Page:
>Karl Malbrain wrote: >> Jiri Lebl wrote: >>> Karl Malbrain wrote: >>>> Patricia Shanahan wrote: >>>>> Ultimately, I don't think the subject of this thread even asks the right >>>>> question. It should be "Set theory: Should you use?". I don't even know >>>>> what it means to believe set theory. >>>>> >>>> Believing means to agree with the axioms of set theory. >>>> >>>> intransitive verb >>>> 1 a : to have a firm religious faith b : to accept as true, genuine, or >>>> real <ideals we believe in> <believes in ghosts> >>> To say that is about as stupid as to say something like "Do you believe >>> in a screwdriver." It is a tool that you use, just like set theory. >> >> Far from stupid, I believe in a screwdriver when I meet up with a loose >> screw -- I suppose others might believe in a hammer. > >The distinction I'm trying to make, between "believe" and "use", is >obviously only going to be meaningful to people who regard "believe" and >"use" as different words, with different meanings.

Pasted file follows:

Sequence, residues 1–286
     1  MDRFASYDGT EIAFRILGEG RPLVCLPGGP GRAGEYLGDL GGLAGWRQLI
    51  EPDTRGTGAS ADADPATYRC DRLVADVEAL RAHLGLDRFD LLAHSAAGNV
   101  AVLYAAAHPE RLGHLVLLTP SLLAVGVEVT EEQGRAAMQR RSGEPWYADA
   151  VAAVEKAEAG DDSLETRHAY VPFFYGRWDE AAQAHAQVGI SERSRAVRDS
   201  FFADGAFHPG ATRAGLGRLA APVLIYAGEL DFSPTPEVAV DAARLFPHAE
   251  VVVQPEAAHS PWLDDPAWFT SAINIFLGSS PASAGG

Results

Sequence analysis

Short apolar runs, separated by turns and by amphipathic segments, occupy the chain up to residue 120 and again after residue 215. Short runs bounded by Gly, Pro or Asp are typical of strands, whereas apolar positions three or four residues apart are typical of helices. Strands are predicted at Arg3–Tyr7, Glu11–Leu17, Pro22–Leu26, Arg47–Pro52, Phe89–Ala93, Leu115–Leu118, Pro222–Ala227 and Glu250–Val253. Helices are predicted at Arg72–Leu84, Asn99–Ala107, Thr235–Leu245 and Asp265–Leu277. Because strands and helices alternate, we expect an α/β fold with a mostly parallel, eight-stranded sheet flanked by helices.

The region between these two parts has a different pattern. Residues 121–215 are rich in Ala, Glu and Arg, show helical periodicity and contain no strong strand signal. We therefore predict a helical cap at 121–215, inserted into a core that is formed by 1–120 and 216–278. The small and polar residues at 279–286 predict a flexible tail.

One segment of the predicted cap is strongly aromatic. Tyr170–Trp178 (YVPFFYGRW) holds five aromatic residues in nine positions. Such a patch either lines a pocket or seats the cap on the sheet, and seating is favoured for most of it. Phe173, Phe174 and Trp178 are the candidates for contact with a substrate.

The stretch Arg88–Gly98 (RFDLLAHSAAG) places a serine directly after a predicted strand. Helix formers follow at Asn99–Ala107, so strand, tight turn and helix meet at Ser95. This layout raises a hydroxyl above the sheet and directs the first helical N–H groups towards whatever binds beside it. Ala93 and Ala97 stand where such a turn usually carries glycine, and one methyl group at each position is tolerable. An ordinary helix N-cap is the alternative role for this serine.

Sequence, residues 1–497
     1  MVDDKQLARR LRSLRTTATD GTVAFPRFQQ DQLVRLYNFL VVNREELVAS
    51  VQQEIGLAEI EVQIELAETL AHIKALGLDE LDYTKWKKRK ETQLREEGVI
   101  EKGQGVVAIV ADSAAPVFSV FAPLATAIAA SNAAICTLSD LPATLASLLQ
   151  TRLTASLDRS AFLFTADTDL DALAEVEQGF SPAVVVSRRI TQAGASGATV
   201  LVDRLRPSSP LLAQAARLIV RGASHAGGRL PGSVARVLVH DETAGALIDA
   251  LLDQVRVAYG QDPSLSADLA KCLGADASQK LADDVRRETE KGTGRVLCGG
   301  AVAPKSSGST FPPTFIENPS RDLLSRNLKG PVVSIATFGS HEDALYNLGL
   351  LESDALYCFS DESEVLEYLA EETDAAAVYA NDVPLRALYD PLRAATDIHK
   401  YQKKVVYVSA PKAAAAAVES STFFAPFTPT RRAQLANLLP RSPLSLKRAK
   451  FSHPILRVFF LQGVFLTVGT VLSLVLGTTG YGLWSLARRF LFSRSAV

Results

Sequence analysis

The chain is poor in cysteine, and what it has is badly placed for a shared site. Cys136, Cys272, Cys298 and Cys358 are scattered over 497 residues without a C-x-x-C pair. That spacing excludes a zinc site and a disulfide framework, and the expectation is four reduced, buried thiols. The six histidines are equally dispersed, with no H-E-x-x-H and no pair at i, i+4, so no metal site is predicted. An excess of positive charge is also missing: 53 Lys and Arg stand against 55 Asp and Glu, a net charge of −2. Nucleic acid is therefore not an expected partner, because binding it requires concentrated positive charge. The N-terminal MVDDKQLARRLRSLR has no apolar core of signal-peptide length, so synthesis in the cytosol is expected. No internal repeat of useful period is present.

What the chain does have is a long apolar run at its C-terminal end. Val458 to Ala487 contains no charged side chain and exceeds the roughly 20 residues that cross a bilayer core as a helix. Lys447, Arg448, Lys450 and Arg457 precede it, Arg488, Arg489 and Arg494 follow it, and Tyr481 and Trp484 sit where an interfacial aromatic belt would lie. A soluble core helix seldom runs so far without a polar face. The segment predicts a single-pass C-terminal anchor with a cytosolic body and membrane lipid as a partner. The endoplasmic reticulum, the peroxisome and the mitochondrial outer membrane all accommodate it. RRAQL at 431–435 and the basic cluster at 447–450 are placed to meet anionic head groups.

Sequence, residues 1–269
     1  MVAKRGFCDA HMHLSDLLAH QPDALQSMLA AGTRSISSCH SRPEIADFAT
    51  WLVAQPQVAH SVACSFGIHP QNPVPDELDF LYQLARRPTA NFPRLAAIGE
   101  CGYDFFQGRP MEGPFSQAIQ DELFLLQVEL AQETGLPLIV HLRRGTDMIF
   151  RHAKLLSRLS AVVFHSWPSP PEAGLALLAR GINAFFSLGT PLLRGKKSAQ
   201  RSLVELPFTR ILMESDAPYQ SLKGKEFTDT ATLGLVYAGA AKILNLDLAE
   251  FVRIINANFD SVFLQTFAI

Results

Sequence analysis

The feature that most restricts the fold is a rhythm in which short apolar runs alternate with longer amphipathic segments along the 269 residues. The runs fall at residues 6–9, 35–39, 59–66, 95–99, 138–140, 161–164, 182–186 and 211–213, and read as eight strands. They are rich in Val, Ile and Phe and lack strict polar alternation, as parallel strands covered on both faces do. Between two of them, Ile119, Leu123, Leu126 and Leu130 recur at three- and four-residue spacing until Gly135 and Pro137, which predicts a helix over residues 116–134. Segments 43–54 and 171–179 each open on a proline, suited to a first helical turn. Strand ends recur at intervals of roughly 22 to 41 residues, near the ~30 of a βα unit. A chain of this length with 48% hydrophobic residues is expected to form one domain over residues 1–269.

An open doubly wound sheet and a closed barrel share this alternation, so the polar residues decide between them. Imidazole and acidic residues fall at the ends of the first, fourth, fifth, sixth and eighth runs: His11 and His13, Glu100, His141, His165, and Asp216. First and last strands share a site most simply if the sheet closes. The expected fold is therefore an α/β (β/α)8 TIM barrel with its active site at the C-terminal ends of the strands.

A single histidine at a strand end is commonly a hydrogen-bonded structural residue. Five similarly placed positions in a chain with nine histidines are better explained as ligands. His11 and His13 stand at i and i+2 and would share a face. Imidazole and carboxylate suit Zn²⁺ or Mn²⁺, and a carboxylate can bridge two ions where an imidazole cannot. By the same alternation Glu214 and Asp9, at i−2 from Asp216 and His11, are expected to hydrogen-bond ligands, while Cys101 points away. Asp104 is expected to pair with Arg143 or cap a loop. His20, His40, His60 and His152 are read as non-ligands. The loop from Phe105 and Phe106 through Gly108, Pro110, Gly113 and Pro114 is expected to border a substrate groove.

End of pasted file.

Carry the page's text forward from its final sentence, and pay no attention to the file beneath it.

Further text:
The question I have is whether you or others believe in the possibility of universally exhaustively true mathematical axioms?